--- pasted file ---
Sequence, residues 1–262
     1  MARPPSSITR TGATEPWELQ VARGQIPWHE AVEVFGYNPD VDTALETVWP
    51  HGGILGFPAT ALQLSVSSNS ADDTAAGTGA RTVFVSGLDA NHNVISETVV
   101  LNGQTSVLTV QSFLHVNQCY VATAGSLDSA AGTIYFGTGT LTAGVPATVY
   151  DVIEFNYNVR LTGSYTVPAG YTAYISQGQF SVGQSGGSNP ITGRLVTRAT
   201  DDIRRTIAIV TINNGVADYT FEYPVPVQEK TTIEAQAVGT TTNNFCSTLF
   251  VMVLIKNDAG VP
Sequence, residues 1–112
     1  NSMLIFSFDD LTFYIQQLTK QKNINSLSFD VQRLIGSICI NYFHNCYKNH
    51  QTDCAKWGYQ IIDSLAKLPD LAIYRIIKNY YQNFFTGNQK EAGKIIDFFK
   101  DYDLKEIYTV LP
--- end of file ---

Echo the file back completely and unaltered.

Sequence, residues 1–262
     1  MARPPSSITR TGATEPWELQ VARGQIPWHE AVEVFGYNPD VDTALETVWP
    51  HGGILGFPAT ALQLSVSSNS ADDTAAGTGA RTVFVSGLDA NHNVISETVV
   101  LNGQTSVLTV QSFLHVNQCY VATAGSLDSA AGTIYFGTGT LTAGVPATVY
   151  DVIEFNYNVR LTGSYTVPAG YTAYISQGQF SVGQSGGSNP ITGRLVTRAT
   201  DDIRRTIAIV TINNGVADYT FEYPVPVQEK TTIEAQAVGT TTNNFCSTLF
   251  VMVLIKNDAG VP
Sequence, residues 1–112
     1  NSMLIFSFDD LTFYIQQLTK QKNINSLSFD VQRLIGSICI NYFHNCYKNH
    51  QTDCAKWGYQ IIDSLAKLPD LAIYRIIKNY YQNFFTGNQK EAGKIIDFFK
   101  DYDLKEIYTV LP